Vectors, Matrices and Geometry
Publication Year: 1994
Published by: Hong Kong University Press, HKU
Title Page, Copyright
With the present volume the 3-book series on elementary mathematics is now complete. Like its two predecessors, Fundamental Concepts of Mathematics and Polynomials and Equations, the present book is addressed to a large readership comprising Sixth Form students, first-year undergraduates and students of Institutes of Education. In Chapter One vectors in the plane are simply defined as ordered ...
CHAPTER ONE: VECTORS AND GEOMETRY IN THE PLANE
In school geometry, points on the plane are represented by pairs of real numbers which are called coordinates, and algebraic operations are carried out on the individual coordinates to discover properties of geometric configurations. For example, given two points P and Q represented by (a, b) and (c, d) respectively, the straight line ...
CHAPTER TWO: VECTORS AND GEOMETRY IN SPACE
In this chapter we follow the pattern of last chapter to study algebra of vectors in space and solid geometry side by side. Readers will find a fairly complete treatment of the vector space R3 where most of the important topics are discussed. In spite of the extensive subject of geometry in space, we are only able to include some general algebraic methods in the treatment of lines and planes and a very ...
CHAPTER THREE: CONIC SECTIONS
The curves known as conic sections comprise the ellipse, hyperbola and parabola. They are, after the circle, the simplest curves. This being so, it is not surprising that they have been known and studied for a long time. Their discovery is attributed to Menaechmus, a Greek geometer and astronomer of the 4th century BC. Like Hipprocrates of the 5th century BC before him, Menaechmus, in ...
CHAPTER FOUR: QUADRIC SURFACES
On the plane a linear equation in two variables defines a line. In space a linear equation in three variables defines a plane. A line in space is the intersection of two planes; it is therefore defined by two linear equations in three variables. A quadratic equation in two variables defines a quadratic curve on the plane. Quadratic curves on the plane are called conics because they are plane sections of a ...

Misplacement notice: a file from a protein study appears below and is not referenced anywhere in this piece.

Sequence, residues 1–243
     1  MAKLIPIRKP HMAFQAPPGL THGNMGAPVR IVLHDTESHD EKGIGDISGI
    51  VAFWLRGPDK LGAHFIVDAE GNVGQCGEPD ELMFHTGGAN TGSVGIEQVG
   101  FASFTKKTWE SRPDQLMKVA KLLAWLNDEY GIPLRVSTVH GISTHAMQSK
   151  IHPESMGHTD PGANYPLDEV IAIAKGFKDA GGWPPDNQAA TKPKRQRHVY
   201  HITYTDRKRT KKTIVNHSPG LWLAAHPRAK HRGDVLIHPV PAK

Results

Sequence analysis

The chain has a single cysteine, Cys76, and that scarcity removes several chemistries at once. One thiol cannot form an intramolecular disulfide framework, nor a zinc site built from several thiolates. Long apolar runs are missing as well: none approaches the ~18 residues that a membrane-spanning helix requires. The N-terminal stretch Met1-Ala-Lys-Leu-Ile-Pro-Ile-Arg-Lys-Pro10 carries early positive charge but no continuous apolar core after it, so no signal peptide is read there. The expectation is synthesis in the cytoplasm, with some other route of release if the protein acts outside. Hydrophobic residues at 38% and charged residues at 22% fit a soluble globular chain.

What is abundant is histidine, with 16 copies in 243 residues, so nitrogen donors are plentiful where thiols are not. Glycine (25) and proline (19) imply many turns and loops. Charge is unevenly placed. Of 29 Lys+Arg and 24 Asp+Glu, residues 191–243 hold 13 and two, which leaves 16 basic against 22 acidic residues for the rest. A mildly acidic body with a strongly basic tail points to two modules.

CHAPTER FIVE: HIGHER DIMENSIONAL VECTOR SPACES
In the first two chapters, we have learnt the language and techniques of linear algebra of vectors in R2 and R3. Instead of moving up one dimension from R3 to R4, we shall study the general n-dimensional vector space Rn for any positive integer n. However the nature of the present course only allows us a restricted scope of study. We shall therefore concentrate on the notions of linear independence ...
CHAPTER SIX: MATRIX AND DETERMINANT
Matrices are introduced in the last chapter as a systematic way of presenting the components of m vectors of Rn so that we can keep track of certain calculations being carried out on them. The chief concern of such calculations is to evaluate the rank of a matrix and to select linearly independent row vectors. In this chapter matrices are treated as individual algebraic entities ...
CHAPTER SEVEN: LINEAR EQUATIONS
In this final chapter, we shall apply results of the last two chapters to investigate systems of linear equations in several unknowns. A necessary and sufficient condition will be given in terms of the ranks of certain matrices and a general method of solution is described. Readers will find that this method is essentially the classical successive eliminations of unknowns but given in terms of elementary row ...
NUMERICAL ANSWERS TO EXERCISES
Page Count: 356
Publication Year: 1994
OCLC Number: 65352819
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